Political uncertainty surrounding the EU referendum will intensify ahead of a possible vote in late June. Although the most likely outcome is a vote to stay in, Sterling's position is likely to get worse before it gets better. Political doubts will tend to compound capital outflows and leave the UK currency vulnerable to sustained selling pressure during the first half of 2016.
The UK government has demanded reform measures on economic governance, competitiveness, immigration and sovereignty. Assuming a deal can be reached, Cameron will then campaign for the UK to stay in the EU. The UK government is hoping to reach a deal on revised EU membership terms at the February 18/19 summit and there is strong evidence that Prime Minister Cameron will look to hold a referendum on whether to stay in the EU in late June.
The German government wants the UK to stay in the EU and the British negotiating position may now look stronger given Chancellor Merkel's domestic difficulties. Her vulnerability will certainly increase pressure for a deal, but there are still major barriers to more than cosmetic concessions. Inevitably, other countries would exert their own demands if the UK gambit is seen as successful which could quickly lead to chaos and further political divisions.
Naked economic greed and ambition will also be an important feature as European capitals will not want to give London any further advantages in the crucial field of banking and finance. Ireland, France and Germany would also push to boost their financial centers if the UK did leave the EU. Overall, the UK will face major barriers in securing meaningful reforms.
A crucial factor is that the EU has an even more pressing issue in dealing with the migration crisis. There are genuine fears that the union could face collapse if leaders fail to reach a credible agreement on migration and are unable to stem a backlash of nationalism. Although desperate to conclude the UK problem UK, EU leaders cannot treat the two issues in isolation.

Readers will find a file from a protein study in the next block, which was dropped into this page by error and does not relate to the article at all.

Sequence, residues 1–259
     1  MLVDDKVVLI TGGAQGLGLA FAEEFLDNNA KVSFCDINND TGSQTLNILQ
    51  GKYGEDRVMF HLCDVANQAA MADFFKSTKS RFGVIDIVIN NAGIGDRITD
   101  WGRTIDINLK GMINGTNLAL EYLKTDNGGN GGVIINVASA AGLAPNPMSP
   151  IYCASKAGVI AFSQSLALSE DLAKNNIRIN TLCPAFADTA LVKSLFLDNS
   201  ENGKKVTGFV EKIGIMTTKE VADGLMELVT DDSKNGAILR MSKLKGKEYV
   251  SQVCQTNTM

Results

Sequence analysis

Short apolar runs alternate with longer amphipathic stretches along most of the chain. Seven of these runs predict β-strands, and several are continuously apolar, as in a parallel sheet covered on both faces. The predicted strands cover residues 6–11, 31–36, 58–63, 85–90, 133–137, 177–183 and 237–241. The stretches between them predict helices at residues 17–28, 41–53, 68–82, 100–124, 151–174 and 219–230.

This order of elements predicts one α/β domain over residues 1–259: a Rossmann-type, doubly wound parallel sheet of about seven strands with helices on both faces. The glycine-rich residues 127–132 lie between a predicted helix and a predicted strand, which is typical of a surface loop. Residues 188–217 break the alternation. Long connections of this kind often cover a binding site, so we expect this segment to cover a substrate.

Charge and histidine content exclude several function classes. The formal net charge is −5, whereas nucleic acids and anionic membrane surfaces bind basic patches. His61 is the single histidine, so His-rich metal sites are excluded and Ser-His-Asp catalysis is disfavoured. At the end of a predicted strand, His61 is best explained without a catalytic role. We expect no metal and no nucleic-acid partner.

There are important linkages between the two issues, especially in the area of welfare and it will be very difficult to reach a credible UK deal before the migration issue is settled. This will certainly complicate issues in February with the potential for an additional Summit to be held. This increases the risk that any UK deal will be delayed once again which would also put a June referendum in jeopardy. Delay would not necessarily be a disaster for the UK, especially if some form of migration deal can be drafted which also helps to meet UK concerns. Markets, however, would react negatively to further uncertainty and delay.
The bigger danger for the UK is that a weak and fudged package of reforms is agreed, especially as all sides want to end the dangerous distraction as quickly as possible. In these circumstances, the UK media would be very quick to find holes in the deal and Cameron would come under heavy attack for failing to achieve anything worthwhile. From Cameron's perspective, he would then have to campaign to stay in from a weakened position or admit that the deal is not good enough and lobby for an EU exit which could trigger a government collapse.
A weak deal would also make it even harder to curb dissent within his own party, especially as Ministers and MPs will be able to campaign for an EU exit. There would certainly be an increased risk that wavering euro-skeptics such as London mayor Boris Johnson would be pushed towards the no camp.
Opinion polls overall still suggest a small majority for staying in the EU, but a weak deal would give additional ammunition to those pushing for an exit. Although opinion poll methodologies came under very close scrutiny following their general election failures, the most likely outcome is that polls will over-represent support for leaving the EU with the so called 'silent majority' more likely to opt for the status quo. Those calling for an exit are likely to be more vocal and motivated.
In the vast majority of cases, voters will back the option which they see as most likely to benefit their own financial position. Given uncertainties triggered by any EU exit, there will be a strong internal logic for staying in and this is likely to be reflected in the actual vote.
Nevertheless, opinion polls could certainly point to an exit which would severely undermine Sterling ahead of the ballot. The capital account will continue to be weakened by outflows from oil-exporting countries and wider international confidence is likely to be damaged. With a substantial current account deficit, significant outflows will have a heavier impact in pushing the currency weaker.
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